When I was in elementary school, my mom got a job in a large retail store in the mall. To be honest, I was partially embarrassed mom worked selling menswear for a living. Another part of me was relieved as it was mom’s first job in almost 2 years. Within a short period of time, my sister and I became the mascots of the menswear department and we thought mom’s job was super cool. When I was a junior in high school, mom got me a job at the same store, in the housewares department. It was my first job and I was so nervous as well as super excited. I mean, I was making my own money and everything! Little did I know I would take away something valuable from that job. Here are a few of the life lessons you can learn working in retail:
- Dealing With People: I had never dealt with anyone outside of my family or school, so this was big for me. I had to learn to communicate with strangers, swallow my pride, be nice when I didn’t feel like it and do things I didn’t want to do.
- It Builds Character: I also learned who I was through all of that and I found I was able to be kind, generous, patient and helpful. I found nothing was beneath me and I was never “too good” to do anything. I found out how important listening to others was, which has been one of my best lessons.
- It Builds A Work Ethic: I learned how to be punctual, professional, dress appropriately and how to be a team player. If you are unable to be any of these, you may fund yourself out of a job! That was not something I wanted to happen, so I became a great worker quite fast. I found I could go above and beyond and how great it felt to help others. I also found my bosses noticed that and I was recognized for my hard work.
- It Teaches You About Authority: When you work in retail, you have two bosses: your supervisor and the customer! I learned how to be respectful to others, even when they were not respectful to me. I learned to say “Yes Sir and Yes Ma’am”, and that I was not the only person on the team. This was hard for me as a teenager when you feel the world revolves around you!
When I saw episode 16 on Jennifer Miller in the “1 in one hundred million” Web Series, I felt such a connection to her. Jennifer is a Retail Sales Associate with MJ Christensen Diamonds in Chicago. It is no surprise Jennifer loves what she does because much of her job is built on relationships. With Jennifer’s position, she sells jewelry that retails anywhere from $39 to $750,000, and she treats each sale as if it were worth the latter! Jennifer has worked with a variety of people, feeling it is important to have a “good pair of ears” and really listen to a client. One story I thought was super sweet was about the couple in their 70s who came into the store. The woman had overcome her fear of getting her ears pierced and her husband had bought her a pair of diamond earrings. To celebrate the occasion, Jennifer got them champagne!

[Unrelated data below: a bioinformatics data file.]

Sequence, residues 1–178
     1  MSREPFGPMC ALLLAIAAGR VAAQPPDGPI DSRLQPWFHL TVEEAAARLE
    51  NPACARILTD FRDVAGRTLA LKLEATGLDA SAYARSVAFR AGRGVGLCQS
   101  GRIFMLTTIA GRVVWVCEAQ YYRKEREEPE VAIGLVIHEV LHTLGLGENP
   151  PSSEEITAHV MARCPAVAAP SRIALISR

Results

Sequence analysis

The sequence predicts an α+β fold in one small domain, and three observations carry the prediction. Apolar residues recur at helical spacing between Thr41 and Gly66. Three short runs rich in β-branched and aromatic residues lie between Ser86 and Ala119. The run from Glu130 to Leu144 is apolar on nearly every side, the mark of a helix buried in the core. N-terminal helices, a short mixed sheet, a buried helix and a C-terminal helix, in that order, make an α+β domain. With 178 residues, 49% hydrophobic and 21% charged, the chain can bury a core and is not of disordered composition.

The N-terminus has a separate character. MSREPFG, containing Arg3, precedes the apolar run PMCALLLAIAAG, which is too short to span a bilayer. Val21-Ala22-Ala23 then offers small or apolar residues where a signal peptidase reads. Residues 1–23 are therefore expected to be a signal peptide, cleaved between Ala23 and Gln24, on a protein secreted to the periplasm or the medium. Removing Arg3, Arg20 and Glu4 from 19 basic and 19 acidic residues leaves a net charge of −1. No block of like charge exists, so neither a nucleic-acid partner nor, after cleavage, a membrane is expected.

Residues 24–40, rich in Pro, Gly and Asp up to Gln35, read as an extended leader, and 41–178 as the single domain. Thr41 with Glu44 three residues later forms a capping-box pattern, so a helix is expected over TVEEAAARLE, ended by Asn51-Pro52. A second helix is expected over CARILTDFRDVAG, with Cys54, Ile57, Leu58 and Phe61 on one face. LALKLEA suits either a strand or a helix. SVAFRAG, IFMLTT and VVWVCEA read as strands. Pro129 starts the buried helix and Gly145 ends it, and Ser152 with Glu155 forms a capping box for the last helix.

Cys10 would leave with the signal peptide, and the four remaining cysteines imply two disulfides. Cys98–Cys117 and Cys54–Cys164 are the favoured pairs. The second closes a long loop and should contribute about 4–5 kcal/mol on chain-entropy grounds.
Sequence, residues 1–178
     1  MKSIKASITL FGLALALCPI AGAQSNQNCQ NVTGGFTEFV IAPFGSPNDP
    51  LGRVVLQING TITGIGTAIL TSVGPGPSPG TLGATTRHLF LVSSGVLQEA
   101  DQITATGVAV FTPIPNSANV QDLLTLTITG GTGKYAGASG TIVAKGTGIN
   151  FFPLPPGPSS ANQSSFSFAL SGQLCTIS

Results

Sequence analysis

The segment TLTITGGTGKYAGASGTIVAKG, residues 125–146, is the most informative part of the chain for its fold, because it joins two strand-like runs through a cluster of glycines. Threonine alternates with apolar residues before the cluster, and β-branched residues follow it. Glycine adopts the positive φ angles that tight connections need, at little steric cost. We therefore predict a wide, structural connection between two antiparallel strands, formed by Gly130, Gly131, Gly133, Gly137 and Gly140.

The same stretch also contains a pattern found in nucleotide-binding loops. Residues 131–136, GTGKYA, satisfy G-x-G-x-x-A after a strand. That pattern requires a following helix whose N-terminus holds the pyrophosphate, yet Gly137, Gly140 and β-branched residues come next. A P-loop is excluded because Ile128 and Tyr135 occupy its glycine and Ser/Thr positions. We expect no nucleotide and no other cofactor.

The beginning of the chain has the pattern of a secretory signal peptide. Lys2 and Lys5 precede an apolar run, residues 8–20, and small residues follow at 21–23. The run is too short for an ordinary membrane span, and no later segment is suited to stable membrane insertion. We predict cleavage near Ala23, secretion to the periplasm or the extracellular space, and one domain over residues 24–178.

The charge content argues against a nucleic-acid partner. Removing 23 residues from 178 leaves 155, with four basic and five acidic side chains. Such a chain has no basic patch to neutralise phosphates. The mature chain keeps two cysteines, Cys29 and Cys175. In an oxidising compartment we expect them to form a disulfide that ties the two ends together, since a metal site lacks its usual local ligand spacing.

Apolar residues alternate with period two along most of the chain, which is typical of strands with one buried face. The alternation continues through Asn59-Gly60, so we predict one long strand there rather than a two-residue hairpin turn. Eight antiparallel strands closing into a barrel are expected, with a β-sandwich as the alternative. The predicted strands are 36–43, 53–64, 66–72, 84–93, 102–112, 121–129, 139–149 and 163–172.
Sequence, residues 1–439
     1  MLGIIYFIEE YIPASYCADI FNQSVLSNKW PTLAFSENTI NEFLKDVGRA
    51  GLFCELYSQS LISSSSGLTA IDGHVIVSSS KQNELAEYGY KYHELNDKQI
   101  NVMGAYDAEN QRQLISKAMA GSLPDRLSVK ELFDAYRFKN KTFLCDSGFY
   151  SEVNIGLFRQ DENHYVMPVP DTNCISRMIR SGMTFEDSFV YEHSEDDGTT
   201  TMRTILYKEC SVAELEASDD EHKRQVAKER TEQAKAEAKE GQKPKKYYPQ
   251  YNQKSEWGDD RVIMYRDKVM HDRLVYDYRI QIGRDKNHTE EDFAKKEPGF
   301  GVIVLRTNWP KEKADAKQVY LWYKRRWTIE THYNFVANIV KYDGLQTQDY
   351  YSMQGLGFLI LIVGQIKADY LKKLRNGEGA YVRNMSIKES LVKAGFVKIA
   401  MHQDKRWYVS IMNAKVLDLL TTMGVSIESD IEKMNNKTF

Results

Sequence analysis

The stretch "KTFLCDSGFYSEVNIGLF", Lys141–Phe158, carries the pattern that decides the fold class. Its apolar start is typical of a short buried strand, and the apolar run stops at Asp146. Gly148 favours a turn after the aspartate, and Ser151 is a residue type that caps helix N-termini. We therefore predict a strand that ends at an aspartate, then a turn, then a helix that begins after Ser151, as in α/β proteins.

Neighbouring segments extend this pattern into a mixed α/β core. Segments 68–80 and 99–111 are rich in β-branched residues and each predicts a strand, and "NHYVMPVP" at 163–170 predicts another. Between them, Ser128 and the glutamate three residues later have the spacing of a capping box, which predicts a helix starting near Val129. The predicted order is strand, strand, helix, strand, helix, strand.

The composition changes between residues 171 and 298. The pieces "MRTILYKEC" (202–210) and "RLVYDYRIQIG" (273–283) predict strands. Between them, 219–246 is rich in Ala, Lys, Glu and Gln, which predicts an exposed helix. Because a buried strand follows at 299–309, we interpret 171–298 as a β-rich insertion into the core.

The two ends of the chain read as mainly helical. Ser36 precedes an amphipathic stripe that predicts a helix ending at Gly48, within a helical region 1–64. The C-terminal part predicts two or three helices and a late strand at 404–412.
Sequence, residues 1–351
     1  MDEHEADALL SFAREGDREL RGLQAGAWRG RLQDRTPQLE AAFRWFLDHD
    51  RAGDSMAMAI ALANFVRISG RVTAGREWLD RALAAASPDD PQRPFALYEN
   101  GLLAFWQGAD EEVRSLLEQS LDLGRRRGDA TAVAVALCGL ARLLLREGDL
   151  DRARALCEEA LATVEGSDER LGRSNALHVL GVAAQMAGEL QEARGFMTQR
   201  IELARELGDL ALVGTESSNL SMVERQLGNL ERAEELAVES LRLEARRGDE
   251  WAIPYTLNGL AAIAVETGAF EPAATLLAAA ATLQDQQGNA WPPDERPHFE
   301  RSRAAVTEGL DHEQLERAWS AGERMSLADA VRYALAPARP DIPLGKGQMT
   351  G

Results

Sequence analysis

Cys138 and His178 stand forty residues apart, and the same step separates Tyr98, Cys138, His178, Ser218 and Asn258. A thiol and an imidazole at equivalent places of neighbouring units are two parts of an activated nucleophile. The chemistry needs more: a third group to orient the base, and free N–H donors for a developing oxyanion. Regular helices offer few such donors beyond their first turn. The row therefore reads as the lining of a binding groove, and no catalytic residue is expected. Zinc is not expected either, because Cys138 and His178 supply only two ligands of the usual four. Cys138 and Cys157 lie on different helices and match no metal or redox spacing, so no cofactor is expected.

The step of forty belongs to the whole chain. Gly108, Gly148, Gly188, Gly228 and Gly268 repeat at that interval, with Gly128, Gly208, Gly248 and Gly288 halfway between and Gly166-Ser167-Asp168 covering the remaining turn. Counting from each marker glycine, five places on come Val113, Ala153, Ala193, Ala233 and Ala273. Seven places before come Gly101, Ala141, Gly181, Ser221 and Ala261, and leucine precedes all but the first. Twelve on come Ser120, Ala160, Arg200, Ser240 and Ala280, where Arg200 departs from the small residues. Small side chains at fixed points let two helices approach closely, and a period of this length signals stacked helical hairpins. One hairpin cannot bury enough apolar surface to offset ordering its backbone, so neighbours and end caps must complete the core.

Last year, Jennifer had the chance to work as a volunteer in Uganda with the BeadforLife program. BeadforLife sells handmade, recycled jewelry in both the US and N. America. The mission of this program is to raise awareness about the the extreme poverty and create job opportunities for women and get their families out of their extreme poverty. For some, they were the poorest of the poor, living on less than $0.60 a day. For these people, BeadforLife created a 6 month entrepreneurial training programs, teaching the women to create the jewelry and sell it. What Jennifer took away from her experience was that she could take her skills used in jewelry to serve a bigger purpose.
The “1 in one hundred million” Web Series is produced by Kronos, the leader in workforce management solutions. Kronos helps their clients manage their time and attendance records, employee schedules, absence records, HR and payroll, hiring, and labor analytics solutions. They created the “1 in one hundred million” Web Series to celebrate the American worker. You know, people just like you and me! You can see videos of people who do the many important and too-often unrecognized jobs that we all rely. I love that Kronos shines a much deserving spotlight on these special individuals who reflect the character, the commitment, and the passion of today’s workforce.0